Personally, I don’t care what someone’s income or wealth is when I develop a friendship with the person. It doesn’t factor into the equation directly, as it’s more about other things to me. Such as, do I laugh and have fun around the person, and do I find him or her trustworthy and of good character.
Nevertheless, sometimes money differences can come into play. For me, while I don’t think about the person’s finances when forming friendships, money can impact things later. Let me explain below.
I have a friend who I’ve known for a long time, for over 20 years actually. We both were once kids coming from the same kind of middle-class background, and ultimately obtained similar levels of education. We had a lot in common, and enjoyed a lot of the same activities. Fast forward to today. Now, life is busier, with families and other aspects of life keeping us busy. So naturally, there is less time to hang out due to other priorities. Not to mention we have each have our own set of friends who we spend time with as well. Just a part of getting older, really.
However, even with the limited time I have, I don’t see this friend as much anymore. Some of it, frankly, is that he has earned a significantly greater amount of money than I have. Not that I’ve done poorly, but he’s really seen his career skyrocket – along with his wife’s career, in particular. They’re collectively doing very well and have made some great investments too. He’s a straight shooter, so there is very little chance that he’s exaggerating anything.
They take – along with their kids – exotic trips to different parts of the globe. They’re taking beach vacations and skiing trips too. Private sports lessons for their kids. The house and neighborhood in which they live is very nice, and it’s probably not a stretch for them either. In short, they live a sweet life because they can truly afford it.
Now, in my household, we do things much more frugally. Part of this is my nature, but it’s mostly due to the need to focus on actual needs first. You know, household expenses, retirement, college, etc.
To be clear, I don’t begrudge any friends for succeeding and I truly wish for the best success for each and every person with whom I’m close. It makes me happy to see others successful and happy. That being said, it does give us less in common. For example, while I’ve traveled a fair amount (47 of 50 states), I simply can’t travel much at all today due to family needs and being smarter about allocating resources. My home is not at the level as theirs.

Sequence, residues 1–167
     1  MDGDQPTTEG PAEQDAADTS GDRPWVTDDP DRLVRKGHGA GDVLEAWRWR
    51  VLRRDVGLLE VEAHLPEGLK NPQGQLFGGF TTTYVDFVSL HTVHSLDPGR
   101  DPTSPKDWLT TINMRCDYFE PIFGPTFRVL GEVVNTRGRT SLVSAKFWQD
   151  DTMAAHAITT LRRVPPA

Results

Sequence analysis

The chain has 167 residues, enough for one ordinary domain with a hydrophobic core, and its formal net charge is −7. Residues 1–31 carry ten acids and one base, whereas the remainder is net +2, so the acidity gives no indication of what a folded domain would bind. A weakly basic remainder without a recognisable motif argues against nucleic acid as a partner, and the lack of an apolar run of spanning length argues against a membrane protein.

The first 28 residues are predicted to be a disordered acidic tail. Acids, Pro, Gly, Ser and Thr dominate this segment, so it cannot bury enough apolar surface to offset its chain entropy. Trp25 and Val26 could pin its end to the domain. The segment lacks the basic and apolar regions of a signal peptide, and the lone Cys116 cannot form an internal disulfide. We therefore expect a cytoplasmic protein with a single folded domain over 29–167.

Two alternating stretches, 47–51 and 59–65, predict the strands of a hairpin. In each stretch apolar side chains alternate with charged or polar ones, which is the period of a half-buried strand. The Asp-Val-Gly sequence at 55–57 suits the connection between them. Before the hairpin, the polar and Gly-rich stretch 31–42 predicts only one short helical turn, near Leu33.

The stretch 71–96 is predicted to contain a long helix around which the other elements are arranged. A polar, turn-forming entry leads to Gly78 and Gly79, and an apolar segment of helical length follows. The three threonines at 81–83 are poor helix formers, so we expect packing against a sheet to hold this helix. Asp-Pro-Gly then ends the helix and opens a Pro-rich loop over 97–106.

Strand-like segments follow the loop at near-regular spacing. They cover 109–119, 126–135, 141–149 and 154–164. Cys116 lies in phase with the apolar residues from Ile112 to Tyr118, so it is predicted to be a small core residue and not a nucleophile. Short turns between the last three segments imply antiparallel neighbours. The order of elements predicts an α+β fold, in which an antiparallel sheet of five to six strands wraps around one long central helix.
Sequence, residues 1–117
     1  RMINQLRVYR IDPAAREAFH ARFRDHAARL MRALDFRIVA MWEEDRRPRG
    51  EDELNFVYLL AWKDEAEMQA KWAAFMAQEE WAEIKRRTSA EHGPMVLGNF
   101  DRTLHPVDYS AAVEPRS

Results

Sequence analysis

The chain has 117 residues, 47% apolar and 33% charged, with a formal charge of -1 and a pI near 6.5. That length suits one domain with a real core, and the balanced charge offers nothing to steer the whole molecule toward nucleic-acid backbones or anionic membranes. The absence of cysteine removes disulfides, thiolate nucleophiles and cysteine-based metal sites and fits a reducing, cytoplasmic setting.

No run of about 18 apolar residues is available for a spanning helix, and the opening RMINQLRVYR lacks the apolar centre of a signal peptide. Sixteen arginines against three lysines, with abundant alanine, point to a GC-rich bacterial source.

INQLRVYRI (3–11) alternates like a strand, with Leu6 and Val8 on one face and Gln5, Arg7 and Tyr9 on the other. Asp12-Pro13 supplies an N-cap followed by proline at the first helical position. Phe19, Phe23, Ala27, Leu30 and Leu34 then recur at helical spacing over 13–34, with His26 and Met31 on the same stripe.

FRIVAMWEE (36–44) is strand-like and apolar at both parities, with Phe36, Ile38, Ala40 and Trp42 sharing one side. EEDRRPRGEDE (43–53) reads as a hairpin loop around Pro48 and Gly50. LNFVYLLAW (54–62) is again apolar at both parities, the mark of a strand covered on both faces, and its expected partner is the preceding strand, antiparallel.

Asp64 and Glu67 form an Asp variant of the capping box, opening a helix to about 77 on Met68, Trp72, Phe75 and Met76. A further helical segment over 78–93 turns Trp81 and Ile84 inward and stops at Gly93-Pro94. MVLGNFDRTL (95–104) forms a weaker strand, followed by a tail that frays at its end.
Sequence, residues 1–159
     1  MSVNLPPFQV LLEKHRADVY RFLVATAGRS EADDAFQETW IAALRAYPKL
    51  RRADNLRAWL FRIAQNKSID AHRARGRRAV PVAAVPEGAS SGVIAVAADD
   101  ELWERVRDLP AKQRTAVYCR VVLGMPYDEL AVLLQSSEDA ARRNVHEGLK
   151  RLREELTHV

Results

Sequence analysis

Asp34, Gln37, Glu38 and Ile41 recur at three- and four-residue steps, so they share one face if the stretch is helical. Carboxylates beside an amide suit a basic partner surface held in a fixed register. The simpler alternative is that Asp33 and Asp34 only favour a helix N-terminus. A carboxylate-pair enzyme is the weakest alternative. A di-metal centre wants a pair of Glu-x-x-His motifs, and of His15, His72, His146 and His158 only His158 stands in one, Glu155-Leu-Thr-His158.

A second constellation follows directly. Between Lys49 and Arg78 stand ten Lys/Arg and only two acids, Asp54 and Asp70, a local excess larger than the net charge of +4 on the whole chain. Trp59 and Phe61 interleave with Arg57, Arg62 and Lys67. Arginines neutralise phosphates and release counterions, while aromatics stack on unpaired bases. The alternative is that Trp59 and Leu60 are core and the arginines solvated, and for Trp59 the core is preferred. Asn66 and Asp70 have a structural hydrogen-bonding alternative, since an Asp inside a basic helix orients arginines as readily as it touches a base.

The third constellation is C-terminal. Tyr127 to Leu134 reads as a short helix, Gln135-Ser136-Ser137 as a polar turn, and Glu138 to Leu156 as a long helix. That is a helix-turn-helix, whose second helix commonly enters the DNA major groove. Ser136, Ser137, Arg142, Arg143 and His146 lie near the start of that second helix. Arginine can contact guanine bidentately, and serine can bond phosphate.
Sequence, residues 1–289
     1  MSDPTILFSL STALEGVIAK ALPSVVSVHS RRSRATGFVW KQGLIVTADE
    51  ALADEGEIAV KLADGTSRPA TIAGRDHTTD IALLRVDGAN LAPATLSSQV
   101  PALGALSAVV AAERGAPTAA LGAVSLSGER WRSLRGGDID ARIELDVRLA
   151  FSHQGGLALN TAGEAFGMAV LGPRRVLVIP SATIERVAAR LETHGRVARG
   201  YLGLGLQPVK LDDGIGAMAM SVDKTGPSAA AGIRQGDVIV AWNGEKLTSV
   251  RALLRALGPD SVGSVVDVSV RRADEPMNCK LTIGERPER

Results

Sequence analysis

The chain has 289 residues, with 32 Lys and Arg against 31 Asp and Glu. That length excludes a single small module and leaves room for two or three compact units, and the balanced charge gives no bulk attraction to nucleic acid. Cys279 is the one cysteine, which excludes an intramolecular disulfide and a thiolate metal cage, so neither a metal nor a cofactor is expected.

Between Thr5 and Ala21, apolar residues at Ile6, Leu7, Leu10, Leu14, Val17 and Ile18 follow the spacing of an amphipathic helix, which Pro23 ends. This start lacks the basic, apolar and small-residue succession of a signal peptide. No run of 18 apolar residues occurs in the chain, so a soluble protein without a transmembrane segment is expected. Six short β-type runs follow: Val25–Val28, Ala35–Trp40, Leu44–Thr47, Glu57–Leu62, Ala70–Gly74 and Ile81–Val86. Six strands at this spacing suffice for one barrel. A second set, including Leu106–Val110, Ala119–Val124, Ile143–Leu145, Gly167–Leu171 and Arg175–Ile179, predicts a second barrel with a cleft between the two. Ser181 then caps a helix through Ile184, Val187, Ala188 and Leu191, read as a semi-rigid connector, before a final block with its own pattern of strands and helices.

This gives us a few less things to talk about, and a different perspective on money now. We were talking about someone he knew who got an inheritance of around $200,000 and was happy about it. He then commented that $200,000 was “chicken feed” and wasn’t a game changer for anyone.
Now, I think that for many people that’s a pretty decent amount of money to add to one’s net worth. There are a shocking number of people with very little saved, and one article I saw recently noted that well over half of workers have less than $50,000 saved. But this guy thinks $200,000 is nothing. He never would have said that a decade ago.
When you start having different tastes due to money, different activities due to resource considerations, it can mean you start to have less in common.
Here are 3 ways to avoid letting wealth or income differences get in the way of friendships:
1) Focus on what you do have in common
While some things may have changed with a growing gap in financial means between friends, there must have been some things in common that brought you together in the first place. Maybe it was a favorite sports team, memories from school, or something similar that just hasn’t changed.
2) Accept that different people have different worldviews
The way we look at things can evolve over time. Because someone views something different from how we do doesn’t automatically make them wrong. Maybe we can broaden our horizons and learn something new?
3) Be happy for their success, or be empathetic toward their struggles
If your long-time friend is now achieving some incredible financial success, be happy for him or her! No need to get jealous, at least not too much 🙂 If your friend is struggling, please try not to dismiss them or lose interest. Rather, have empathy for their situation and realize that money doesn’t matter more than people.
My Questions for You
Do you have any friends whose finances are quite different from yours?
Has this been a longtime difference, or is it a difference that has evolved over time?
How do you manage things with friends who have different means?